ROBERT SIEGEL, HOST:
Science relies on the careful collection and analysis of facts. Science also benefits from human judgments. But that intuition isn't necessarily reliable. A new study finds that scientists did a poor job forecasting whether a successful experiment would work on a second try. NPR's Richard Harris has the story.
RICHARD HARRIS, BYLINE: Part of the art of science is reading someone else's work and deciding what's likely to be true and what's likely to be a mistake. Scientists who chase down bum leads are often wasting their time, so Jonathan Kimmelman at McGill University says it would be great if scientists could more reliably pick out winning ideas.
JONATHAN KIMMELMAN: There are lots of different candidates for drugs that you might develop or different research programs you might want to invest in. And what you want is some way to discriminate between those investments that are going to pay off down the road and those that are just going to fizzle.
HARRIS: Kimmelman realized he had a great opportunity to study scientific forecasting. Other researchers are in the midst of a huge project to replicate dozens of high-profile cancer experiments to see if they are accurate. They've written down the exact protocols they are using.
KIMMELMAN: This was really an extraordinary opportunity where we had experiments that were pretty much locked down in terms of design so that when we ask people to predict what the results were going to be, we could look at whether or not their beliefs where concordant with what the results showed.
HARRIS: Kimmelman and colleagues asked nearly 200 professors, postdoctoral fellows and graduate students to forecast the results from six of those repeated experiments. The studies have now been done, and the results are in. How'd the 200 scientists do - according to a report published in PLOS Biology, not so hot.
KIMMELMAN: Most researchers overestimated the ability of repetition studies to have effects that were as significant as the original study.
HARRIS: And that overoptimism was pretty much across the board.
KIMMELMAN: There wasn't really a big difference between trainees and experts.
HARRIS: So what do you make of that? What do you think is going on here?
KIMMELMAN: It's hard to know exactly what's going on. It's possible that scientists overestimate the truth or the veracity of those original reports.
HARRIS: Or it's possible that the scientists were simply too optimistic that independent labs would be able to follow an experimental protocol and get it to work properly. Clearly optimism is an important trait for a scientist since most experiments on most days actually don't yield exciting results. But optimism is not the best trait for scientific forecasters, certainly in this particular experiment. I called up Taylor Sells, a second-year graduate student at Yale University, to find out how she ended up being one of the very best forecasters in Kimmelman's study.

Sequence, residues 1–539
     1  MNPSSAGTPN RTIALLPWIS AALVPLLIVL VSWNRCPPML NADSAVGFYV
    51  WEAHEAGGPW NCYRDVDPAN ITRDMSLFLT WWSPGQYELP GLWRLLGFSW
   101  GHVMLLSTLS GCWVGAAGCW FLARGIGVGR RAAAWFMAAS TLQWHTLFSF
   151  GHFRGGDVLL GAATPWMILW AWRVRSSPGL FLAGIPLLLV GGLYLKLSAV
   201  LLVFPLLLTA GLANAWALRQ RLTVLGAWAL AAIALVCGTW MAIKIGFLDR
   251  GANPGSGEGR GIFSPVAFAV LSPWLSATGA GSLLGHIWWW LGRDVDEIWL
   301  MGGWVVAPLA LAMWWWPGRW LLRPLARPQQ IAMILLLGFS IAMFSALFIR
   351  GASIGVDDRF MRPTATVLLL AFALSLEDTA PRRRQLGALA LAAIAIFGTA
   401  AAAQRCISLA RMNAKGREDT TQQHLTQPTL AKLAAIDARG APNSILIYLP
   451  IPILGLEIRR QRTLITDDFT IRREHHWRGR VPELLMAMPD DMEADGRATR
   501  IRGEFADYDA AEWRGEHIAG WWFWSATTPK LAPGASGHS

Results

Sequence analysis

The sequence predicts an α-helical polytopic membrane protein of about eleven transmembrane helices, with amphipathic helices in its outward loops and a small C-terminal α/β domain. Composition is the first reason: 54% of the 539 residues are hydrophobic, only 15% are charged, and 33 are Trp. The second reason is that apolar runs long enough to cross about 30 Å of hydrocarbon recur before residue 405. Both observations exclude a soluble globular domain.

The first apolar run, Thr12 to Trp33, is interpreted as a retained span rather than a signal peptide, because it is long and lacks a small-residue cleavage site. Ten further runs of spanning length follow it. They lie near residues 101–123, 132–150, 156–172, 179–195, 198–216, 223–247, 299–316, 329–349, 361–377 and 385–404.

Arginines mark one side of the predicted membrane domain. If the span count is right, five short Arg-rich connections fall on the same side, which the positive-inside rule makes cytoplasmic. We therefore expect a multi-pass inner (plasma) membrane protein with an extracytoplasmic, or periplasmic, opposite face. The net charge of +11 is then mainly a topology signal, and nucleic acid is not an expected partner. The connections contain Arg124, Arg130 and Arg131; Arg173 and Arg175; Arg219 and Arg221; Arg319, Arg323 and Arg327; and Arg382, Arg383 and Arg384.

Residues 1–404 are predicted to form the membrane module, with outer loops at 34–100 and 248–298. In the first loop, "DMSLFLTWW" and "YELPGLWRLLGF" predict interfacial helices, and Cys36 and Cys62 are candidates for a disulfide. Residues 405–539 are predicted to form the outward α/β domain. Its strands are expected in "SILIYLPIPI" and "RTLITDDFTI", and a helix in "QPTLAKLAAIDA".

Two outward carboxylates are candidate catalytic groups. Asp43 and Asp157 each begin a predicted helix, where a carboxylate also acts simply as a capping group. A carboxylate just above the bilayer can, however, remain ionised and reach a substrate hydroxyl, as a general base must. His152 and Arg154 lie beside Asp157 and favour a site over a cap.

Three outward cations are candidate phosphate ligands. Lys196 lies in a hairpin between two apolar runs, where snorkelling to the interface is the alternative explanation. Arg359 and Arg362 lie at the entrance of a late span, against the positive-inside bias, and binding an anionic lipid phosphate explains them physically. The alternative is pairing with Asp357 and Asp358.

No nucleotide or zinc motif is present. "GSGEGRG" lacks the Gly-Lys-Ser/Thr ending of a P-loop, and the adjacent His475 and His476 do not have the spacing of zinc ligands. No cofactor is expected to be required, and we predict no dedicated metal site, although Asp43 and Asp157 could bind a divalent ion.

Do you think you have some special mojo?
TAYLOR SELLS: I don't think so. I don't know if I believe in special mojo.
HARRIS: Actually, she said her technique was quite simple.
SELLS: Inherently as a scientist, we're kind of taught to be very skeptical of even published results. And reproducibility has been a very important topic in science in general. So I kind of approached it from a very skeptical point of view.
HARRIS: And it's not as though she had special insights into the actual experiments. In fact she hadn't done those sorts of experiments herself.
SELLS: Completely out of my normal range of science for sure.
HARRIS: What Sells draws from her experience in the lab is simply knowing how hard it is to get the same results in repeated experiments.
SELLS: We often joke about the situations under which things do work. It's like, oh, it has to be raining and it's a Tuesday for it to work properly, and that is something we think about a lot.
HARRIS: And that's something she thinks about a lot when she read other scientists' papers and makes a judgment about how much to trust the results. The beauty of science is that truth comes out in the long run. But the process could be more efficient if scientists could do a better job up front, picking the diamonds from the dross. Richard Harris, NPR News.
(SOUNDBITE OF MIEUX'S "RUST")
NPR transcripts are created on a rush deadline by Verb8tm, Inc., an NPR contractor, and produced using a proprietary transcription process developed with NPR. This text may not be in its final form and may be updated or revised in the future. Accuracy and availability may vary. The authoritative record of NPR’s programming is the audio record.